Meld USA, maker of ecoX, recently launched a new surface material called Micro, which is made with up to 74% pre-consumer recycled content in Raleigh, North Carolina. The product, which can help contribute toward several LEED credits, is available in slabs of 30" x 96" x 1.5" or in over-sized custom slabs. Micro can also be custom fabricated into a variety of applications.
Architect Arthur Dyson is working with construction management students at Fresno State to create an unprecedented “Eco-Village” of tiny homes for homeless folks. The homes will be made of recycled materials – pallet flooring and framing, waterproofed cardboard walls, aluminum can roofing – and some donated materials from Lowe’s, according to The Fresno Bee.
A couple weeks ago, we mentioned a two-year collaboration between Coca-Cola and Emeco to produce the 111 Navy Chair. It'll be unveiled this week in Milan and sales begin in June here in the states through Design Within Reach. The L.A. Times reports that it'll cost about $230, making it one of the most accessible options available to fans of the 1940s design.
The web is alive with news that a Taiwan company has built a three-level exhibition hall — EcoARK — using about 1.5 million plastic bottles. According to Reuters, the building was commissioned by Far Eastern Group and will be donated to city government in Taipei. But what's really interesting is the fact that the objects used for the facade are more than simple plastic waste bottles. The product being used here is called Polli-Brick from Hymini.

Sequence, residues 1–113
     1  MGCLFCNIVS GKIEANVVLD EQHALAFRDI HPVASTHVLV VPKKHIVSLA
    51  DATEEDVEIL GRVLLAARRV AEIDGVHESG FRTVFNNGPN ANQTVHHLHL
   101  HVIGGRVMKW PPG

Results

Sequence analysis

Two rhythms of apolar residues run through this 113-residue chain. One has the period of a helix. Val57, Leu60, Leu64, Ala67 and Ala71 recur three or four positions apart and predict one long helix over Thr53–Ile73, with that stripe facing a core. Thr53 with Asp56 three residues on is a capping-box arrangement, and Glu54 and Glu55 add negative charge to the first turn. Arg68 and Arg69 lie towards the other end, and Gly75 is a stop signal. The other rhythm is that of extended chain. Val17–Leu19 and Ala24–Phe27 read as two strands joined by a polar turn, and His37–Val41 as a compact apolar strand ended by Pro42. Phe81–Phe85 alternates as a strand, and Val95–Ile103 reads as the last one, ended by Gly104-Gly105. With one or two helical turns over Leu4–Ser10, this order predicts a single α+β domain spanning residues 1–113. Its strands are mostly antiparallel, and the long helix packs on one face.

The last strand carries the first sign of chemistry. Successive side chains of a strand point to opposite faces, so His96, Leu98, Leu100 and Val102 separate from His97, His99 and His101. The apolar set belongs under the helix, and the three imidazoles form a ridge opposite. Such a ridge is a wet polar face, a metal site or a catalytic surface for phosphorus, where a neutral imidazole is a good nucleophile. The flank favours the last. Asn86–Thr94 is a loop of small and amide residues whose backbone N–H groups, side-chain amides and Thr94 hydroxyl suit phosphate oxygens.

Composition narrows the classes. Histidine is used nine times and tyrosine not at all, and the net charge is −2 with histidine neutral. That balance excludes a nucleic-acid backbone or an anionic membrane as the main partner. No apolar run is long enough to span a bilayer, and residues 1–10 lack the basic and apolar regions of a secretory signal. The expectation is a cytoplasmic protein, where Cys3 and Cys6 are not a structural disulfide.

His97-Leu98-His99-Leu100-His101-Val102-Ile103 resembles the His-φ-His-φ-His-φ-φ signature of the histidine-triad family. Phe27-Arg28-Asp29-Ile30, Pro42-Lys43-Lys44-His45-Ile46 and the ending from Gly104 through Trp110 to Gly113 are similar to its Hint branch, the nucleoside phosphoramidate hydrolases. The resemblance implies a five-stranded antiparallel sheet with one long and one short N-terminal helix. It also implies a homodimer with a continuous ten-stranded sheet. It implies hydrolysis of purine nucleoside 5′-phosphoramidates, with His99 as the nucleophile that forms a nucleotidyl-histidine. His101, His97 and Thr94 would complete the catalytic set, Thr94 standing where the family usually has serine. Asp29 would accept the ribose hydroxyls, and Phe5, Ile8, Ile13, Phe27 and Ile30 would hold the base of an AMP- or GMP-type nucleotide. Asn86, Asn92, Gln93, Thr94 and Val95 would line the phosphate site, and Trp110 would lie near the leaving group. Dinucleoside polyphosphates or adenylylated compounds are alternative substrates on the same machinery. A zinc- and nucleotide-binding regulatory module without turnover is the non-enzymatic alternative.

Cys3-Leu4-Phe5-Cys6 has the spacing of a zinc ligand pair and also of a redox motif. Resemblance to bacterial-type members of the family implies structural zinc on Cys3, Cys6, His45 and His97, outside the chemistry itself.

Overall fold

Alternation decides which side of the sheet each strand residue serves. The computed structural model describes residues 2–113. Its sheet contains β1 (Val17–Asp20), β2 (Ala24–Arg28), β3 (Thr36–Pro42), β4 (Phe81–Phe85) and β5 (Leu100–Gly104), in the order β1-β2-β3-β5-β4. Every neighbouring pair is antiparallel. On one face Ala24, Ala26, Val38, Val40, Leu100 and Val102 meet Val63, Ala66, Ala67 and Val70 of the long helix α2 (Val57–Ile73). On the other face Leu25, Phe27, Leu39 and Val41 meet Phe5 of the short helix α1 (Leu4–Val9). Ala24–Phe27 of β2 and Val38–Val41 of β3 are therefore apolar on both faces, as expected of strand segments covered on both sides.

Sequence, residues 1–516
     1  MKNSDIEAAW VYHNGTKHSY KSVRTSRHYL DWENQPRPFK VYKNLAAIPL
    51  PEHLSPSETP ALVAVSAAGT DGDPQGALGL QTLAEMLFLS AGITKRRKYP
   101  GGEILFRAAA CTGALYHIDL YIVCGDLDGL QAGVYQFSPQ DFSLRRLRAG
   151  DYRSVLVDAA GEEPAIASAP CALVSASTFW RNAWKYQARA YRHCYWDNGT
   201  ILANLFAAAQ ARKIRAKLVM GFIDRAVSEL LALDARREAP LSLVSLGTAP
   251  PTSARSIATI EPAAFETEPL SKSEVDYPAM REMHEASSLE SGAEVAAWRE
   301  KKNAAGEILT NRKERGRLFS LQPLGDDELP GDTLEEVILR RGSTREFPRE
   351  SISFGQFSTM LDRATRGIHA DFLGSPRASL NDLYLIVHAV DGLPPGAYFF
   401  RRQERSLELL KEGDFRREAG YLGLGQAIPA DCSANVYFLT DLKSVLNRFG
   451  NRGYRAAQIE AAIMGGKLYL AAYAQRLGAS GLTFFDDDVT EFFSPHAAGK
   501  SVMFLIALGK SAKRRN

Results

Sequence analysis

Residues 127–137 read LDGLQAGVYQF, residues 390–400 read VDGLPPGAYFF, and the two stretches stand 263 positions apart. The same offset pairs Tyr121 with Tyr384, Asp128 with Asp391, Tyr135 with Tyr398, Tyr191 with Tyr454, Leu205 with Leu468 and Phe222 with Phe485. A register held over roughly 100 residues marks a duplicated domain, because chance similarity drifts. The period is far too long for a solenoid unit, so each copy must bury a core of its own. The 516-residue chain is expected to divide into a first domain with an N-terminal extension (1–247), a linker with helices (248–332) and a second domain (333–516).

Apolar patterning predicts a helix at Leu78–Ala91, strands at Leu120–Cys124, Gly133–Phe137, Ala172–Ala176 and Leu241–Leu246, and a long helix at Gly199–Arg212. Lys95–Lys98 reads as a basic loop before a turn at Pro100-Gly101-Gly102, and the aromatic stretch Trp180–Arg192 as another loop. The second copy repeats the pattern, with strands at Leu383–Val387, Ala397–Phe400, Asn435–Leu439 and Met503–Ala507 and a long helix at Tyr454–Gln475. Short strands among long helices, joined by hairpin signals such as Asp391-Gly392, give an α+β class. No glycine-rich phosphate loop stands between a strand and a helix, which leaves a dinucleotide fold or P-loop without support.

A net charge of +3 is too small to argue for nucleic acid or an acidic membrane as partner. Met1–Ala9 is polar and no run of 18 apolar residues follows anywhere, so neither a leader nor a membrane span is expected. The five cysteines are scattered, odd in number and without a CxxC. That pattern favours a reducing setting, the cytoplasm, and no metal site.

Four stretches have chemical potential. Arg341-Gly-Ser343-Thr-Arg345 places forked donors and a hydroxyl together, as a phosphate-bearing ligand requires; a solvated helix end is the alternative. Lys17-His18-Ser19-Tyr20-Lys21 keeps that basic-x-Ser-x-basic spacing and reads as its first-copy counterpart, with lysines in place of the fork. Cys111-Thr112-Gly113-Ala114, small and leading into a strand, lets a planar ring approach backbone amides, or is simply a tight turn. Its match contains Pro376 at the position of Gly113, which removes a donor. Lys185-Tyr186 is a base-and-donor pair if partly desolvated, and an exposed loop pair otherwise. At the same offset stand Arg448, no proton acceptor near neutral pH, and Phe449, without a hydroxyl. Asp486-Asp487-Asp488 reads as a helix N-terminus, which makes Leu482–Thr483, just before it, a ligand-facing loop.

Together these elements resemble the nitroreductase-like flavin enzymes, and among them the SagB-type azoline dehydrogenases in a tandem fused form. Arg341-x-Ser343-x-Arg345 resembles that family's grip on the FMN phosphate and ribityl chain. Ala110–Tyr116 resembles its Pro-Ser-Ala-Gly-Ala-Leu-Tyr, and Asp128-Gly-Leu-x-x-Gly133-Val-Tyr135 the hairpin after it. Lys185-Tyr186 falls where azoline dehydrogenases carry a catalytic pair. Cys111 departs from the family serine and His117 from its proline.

What's black and blue and all over the wall? It's Newsworthy, a recycled content wall covering from Weitzner Limited. Newsworthy is being offered in the company's Spring 2010 collection and, according to the New York Times, sells trade for $125 per yard (47 inches wide). It's kind of like grasscloth in that 100% real newspaper strips are woven together and paperbacked for application to the wall. And, as you might imagine, coloring tends to vary.